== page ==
Background Check Bill Veto Overridden

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Yesterday, the House narrowly voted to override Governor Hogan's veto of 2020's SB208, which criminalizes the private sale and transfer of long guns. 85 votes were needed to override and 88 unwisely chose to do so. Now that SB208 has been overridden in both chambers, the bill will go into effect in 30 days (on March 13, 2021). Why? Article II, Section 17 (d) of the Maryland Constitution states:
  • Any Bill vetoed by the Governor shall be returned to the House in which it originated immediately after the House has organized at the next regular or special session of the General Assembly. The Bill may then be reconsidered according to the procedure specified in this section. Any Bill enacted over the veto of the Governor, or any Bill which shall become law as the result of the failure of the Governor to act within the time specified, shall take effect 30 days after the Governor's veto is over-ridden, or on the date specified in the Bill, whichever is later.
Starting on March 13th, 2021, private sales and permanent transfers between residents of long guns will need to be facilitated by an FFL at your cost. To be clear, this bill does not require licensing or involve the Maryland State Police. You can thank our prior advocacy for that. Rather, it makes it a criminal act to permanently transfer ownership of a long gun to another unless a NICS check is performed by an FFL. The new law DOES NOT APPLY to transfers in ANY of these circumstances:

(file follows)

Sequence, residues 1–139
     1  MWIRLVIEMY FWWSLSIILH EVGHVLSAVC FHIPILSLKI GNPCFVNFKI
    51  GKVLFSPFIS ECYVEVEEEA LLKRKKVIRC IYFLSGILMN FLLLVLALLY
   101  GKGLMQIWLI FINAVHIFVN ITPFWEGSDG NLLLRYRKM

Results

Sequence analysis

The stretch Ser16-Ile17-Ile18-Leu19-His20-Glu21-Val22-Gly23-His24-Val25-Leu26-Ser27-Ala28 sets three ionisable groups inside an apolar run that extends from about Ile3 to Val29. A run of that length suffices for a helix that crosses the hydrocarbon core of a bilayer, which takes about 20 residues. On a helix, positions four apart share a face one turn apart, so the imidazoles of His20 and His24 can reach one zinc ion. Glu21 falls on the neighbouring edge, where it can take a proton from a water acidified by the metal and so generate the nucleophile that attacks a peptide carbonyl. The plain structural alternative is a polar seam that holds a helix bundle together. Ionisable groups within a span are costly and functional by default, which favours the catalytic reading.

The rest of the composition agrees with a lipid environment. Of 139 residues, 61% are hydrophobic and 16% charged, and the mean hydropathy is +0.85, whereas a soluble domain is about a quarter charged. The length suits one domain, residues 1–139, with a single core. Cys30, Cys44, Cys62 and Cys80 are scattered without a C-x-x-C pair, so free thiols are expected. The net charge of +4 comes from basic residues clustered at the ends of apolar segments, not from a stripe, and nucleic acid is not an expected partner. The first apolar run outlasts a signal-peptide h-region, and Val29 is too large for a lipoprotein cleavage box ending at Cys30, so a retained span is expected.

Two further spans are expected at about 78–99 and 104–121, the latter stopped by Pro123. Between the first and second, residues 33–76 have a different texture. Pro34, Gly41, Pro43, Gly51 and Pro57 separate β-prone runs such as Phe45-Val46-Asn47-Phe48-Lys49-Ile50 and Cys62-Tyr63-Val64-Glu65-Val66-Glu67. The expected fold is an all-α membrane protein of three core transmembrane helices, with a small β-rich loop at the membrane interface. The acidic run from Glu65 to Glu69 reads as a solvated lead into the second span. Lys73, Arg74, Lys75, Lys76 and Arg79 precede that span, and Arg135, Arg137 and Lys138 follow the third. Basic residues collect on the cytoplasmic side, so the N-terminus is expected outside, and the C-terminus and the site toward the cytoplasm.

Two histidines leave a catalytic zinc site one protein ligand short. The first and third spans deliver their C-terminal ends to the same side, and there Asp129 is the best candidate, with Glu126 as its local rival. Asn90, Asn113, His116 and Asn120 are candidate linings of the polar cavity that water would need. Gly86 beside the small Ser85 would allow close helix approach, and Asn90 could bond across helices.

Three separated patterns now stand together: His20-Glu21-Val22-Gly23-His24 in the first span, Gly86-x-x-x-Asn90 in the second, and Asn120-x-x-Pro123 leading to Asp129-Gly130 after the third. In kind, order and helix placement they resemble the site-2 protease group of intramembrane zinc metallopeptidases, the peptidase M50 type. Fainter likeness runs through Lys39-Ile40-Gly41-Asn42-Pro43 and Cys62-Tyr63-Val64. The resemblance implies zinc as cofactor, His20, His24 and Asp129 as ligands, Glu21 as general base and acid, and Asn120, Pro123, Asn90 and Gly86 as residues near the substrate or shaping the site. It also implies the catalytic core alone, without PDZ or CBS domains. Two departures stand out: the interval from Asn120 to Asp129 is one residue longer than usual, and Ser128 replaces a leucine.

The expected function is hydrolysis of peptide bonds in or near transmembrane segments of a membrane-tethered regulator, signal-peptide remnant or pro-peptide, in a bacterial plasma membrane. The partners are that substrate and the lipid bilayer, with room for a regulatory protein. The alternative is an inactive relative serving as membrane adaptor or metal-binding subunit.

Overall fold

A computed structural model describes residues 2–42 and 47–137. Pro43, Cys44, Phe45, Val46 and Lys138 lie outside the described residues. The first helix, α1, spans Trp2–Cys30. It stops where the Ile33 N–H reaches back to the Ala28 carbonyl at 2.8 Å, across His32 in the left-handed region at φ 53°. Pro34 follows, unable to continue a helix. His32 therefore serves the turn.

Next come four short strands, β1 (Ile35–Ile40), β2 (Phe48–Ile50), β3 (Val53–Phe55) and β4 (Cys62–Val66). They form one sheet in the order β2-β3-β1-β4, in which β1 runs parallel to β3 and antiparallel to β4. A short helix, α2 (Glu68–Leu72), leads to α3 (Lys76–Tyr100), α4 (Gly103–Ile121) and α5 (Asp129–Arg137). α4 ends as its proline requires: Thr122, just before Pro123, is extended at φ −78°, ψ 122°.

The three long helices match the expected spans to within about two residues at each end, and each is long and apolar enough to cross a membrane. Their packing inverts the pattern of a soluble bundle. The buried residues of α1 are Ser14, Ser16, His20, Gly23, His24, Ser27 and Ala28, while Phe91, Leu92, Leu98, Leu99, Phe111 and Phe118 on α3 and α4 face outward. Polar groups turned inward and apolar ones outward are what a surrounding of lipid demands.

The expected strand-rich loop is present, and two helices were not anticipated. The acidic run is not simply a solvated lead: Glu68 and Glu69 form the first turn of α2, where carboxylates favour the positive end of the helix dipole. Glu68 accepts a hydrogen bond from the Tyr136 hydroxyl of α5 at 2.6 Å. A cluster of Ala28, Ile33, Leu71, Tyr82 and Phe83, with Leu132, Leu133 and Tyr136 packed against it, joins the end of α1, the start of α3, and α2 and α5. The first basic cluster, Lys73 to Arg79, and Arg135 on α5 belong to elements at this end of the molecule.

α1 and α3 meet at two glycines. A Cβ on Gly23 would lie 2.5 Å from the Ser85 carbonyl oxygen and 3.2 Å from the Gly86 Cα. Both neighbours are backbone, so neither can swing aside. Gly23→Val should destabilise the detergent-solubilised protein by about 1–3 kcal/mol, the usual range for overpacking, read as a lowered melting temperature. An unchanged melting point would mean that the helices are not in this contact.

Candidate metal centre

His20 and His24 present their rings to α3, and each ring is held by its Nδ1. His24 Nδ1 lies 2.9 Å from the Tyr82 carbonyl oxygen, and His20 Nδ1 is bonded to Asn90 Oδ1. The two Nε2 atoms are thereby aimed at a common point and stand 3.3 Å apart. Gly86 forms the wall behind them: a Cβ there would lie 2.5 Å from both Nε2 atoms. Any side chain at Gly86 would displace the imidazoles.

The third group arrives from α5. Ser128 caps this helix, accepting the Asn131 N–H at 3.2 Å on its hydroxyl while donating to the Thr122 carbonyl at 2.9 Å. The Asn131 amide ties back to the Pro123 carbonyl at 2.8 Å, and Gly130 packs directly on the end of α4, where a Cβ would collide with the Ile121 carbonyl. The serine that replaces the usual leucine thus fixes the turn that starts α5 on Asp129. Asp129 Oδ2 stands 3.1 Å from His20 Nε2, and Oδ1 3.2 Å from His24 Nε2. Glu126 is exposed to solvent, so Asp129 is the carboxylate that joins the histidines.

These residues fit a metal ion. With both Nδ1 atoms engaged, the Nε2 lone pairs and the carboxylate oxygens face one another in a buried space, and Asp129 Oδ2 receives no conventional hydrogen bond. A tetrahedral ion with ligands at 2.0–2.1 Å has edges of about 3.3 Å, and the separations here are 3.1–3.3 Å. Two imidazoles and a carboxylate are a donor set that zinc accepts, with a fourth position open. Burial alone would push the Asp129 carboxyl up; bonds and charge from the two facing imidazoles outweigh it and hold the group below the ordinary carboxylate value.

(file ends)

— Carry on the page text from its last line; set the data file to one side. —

• Between "immediate family members" (defined as a spouse, a parent, a stepparent, a grandparent, a stepgrandparent, an aunt, an uncle, a sibling, a stepsibling, a child, a stepchild, a grandchild, a stepgrandchild, a niece, or a nephew, as related by blood or marriage)
  • Involving law enforcement and military acting within the scope of their official duties
  • Between licensed collectors of Curio and Relics
  • Of an unserviceable long gun sold, rented, or transferred as a curio or museum piece
  • Between those with demonstrable religious beliefs against having photographs taken of them and who does not possess a license or an identification card of any kind with photographic identification
  • A transfer that occurs by operation of law on the death of a person for whom the transferee is an executor, an administrator, a trustee, or a personal representative of an estate or a trust created in a will
  • A temporary gratuitous loan of a rifle or shotgun (unless the transferor has reasonable cause to believe that the transferee is a prohibited person).
Join MSI in thanking every lawmaker who voted to sustain Governor Hogan's veto (and to him for his veto!). Special thanks go to Senators Hough, Ready, Cassilly, Carozza, and Simonaire, and Delegates Hornberger, Beitzel, Arikan, Cox, Shoemaker, Ghrist, Mautz, and Buckel for all eloquently speaking in support of Marylanders rights. All of the votes are recorded in our tracker HERE.  We encourage everyone to communicate (civilly) with their representatives on how they feel about the representative's vote.